14. 14. Characteristics of Classical Music <ul><li>Classical Forms (symphony) </li></ul><ul><li>Usually consist of several movements that contrast in tempo and character </li></ul><ul><li>Often there are four movements, arranged as follows: </li></ul><ul><ul><li>Fast Movement </li></ul></ul><ul><ul><li>Slow Movement </li></ul></ul><ul><ul><li>Dance-related Movement </li></ul></ul><ul><ul><li>Fast Movement </li></ul></ul>
  15. 15. More Classical Forms <ul><li>Classical movements often contrast themes vividly </li></ul><ul><li>A movement may contain two, three, or four themes of different </li></ul><ul><li>A classical composer will sometimes use a brief pause to signal the arrival of the new theme. </li></ul>
  16. 16. Social Trends Affect Music <ul><li>The middle class was not content to hear music only at concerts; they wanted to be surrounded by it </li></ul><ul><li>They educated their children in music and hoped that one day they would be good enough to be invited to the palace to perform </li></ul><ul><li>This increased the demand for printed music, music lessons, and instruments </li></ul>
  17. 17. The Center of the Music World <ul><li>Vienna </li></ul><ul><li>Was one of the centers of music in Europe during the classical period and Haydn, Mozart and Beethoven all worked there </li></ul><ul><li>Aristocrats from all over the world spent the winter in Vienna and they often brought their musicians to entertain them </li></ul><ul><li>Music was an important part of life in the court and having a good orchestra was a sign of prestige </li></ul>
  18. 18. Sonata Form <ul><li>Exposition </li></ul><ul><li>Development </li></ul><ul><li>Recapitulation </li></ul><ul><li>Coda </li></ul>
  19. 19. What’s an Exposition? <ul><li>It sets up a strong conflict between the tonic key and the new key and also between the first theme and the second theme </li></ul><ul><li>The first theme is heard in the tonic or home key. Next comes the bridge, or transition, leading to the second theme which is in a new key </li></ul>Sonata Form
  20. 20. What’s an Exposition? <ul><li>The modulation to the new key creates a feeling of tension and forward motion </li></ul><ul><li>The second theme often has a different feel than the main theme </li></ul><ul><ul><li>Sometimes they are called masculine and feminine. </li></ul></ul>Sonata Form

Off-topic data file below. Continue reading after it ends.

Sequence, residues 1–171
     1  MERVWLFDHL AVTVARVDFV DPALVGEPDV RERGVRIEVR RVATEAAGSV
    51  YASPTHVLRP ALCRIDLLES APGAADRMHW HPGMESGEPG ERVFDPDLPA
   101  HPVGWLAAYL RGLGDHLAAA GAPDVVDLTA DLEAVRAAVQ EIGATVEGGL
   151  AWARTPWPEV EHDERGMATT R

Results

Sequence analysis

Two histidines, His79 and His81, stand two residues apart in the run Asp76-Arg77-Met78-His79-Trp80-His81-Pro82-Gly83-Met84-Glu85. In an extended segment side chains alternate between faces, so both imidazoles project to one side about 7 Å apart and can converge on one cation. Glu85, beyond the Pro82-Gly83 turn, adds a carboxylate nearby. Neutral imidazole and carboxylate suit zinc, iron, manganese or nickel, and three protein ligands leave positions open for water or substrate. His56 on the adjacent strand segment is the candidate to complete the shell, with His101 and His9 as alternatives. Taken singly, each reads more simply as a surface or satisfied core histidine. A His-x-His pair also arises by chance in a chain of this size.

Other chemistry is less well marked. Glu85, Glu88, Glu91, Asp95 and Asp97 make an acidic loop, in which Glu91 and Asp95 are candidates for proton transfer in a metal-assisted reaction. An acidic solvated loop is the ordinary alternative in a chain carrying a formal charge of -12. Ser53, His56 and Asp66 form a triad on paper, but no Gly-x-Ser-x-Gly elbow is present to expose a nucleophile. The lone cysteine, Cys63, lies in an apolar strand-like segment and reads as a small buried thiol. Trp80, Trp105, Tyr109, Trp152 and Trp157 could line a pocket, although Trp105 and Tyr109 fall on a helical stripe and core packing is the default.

21. 21. What’s a Development? <ul><li>It’s the most dramatic section of the movement </li></ul><ul><li>It will sometimes move restlessly through several different keys </li></ul><ul><li>As the music transitions through these different keys, the music gains tension </li></ul>Sonata Form
  22. 22. What’s a Development? <ul><li>In this section, themes are treated in different ways: </li></ul><ul><ul><li>They are broken into fragments or motives </li></ul></ul><ul><ul><li>Motives are short musical ideas which are developed within the composition </li></ul></ul><ul><li>A theme that sounds comical can be made to sound menacing, or the texture can be changed by adding or taking away combinations of instruments </li></ul>Sonata Form
  23. 23. What’s a Recapitulation? <ul><li>The beginning of it brings resolution, as we again hear the main theme in the home key </li></ul><ul><li>We hear all the same melodies and bridge that we heard in the development, but now they are in the home key </li></ul>Sonata Form
  24. 24. What’s a Coda? <ul><li>The coda rounds off the movement by repeating themes or developing them further </li></ul><ul><li>It resolves the conflict by playing the themes in the home key </li></ul>Sonata Form
  25. 25. Sonata Form <ul><li>Sonata Form is very flexible </li></ul><ul><li>It can be any length and varies by the style of the composer </li></ul><ul><li>It is so versatile that it is still in use by composers today </li></ul>Sonata Form
  26. 26. More Classical Forms <ul><li>Theme and Variations </li></ul><ul><li>In theme and variations, the idea is presented over and over and is changed each time. It can be written like this: </li></ul><ul><ul><ul><li>Theme (A) </li></ul></ul></ul><ul><ul><ul><li>variation 1 (A´) </li></ul></ul></ul><ul><ul><ul><li>variation 2 (A´´) </li></ul></ul></ul><ul><ul><ul><li>variation 3 (A´´´) </li></ul></ul></ul>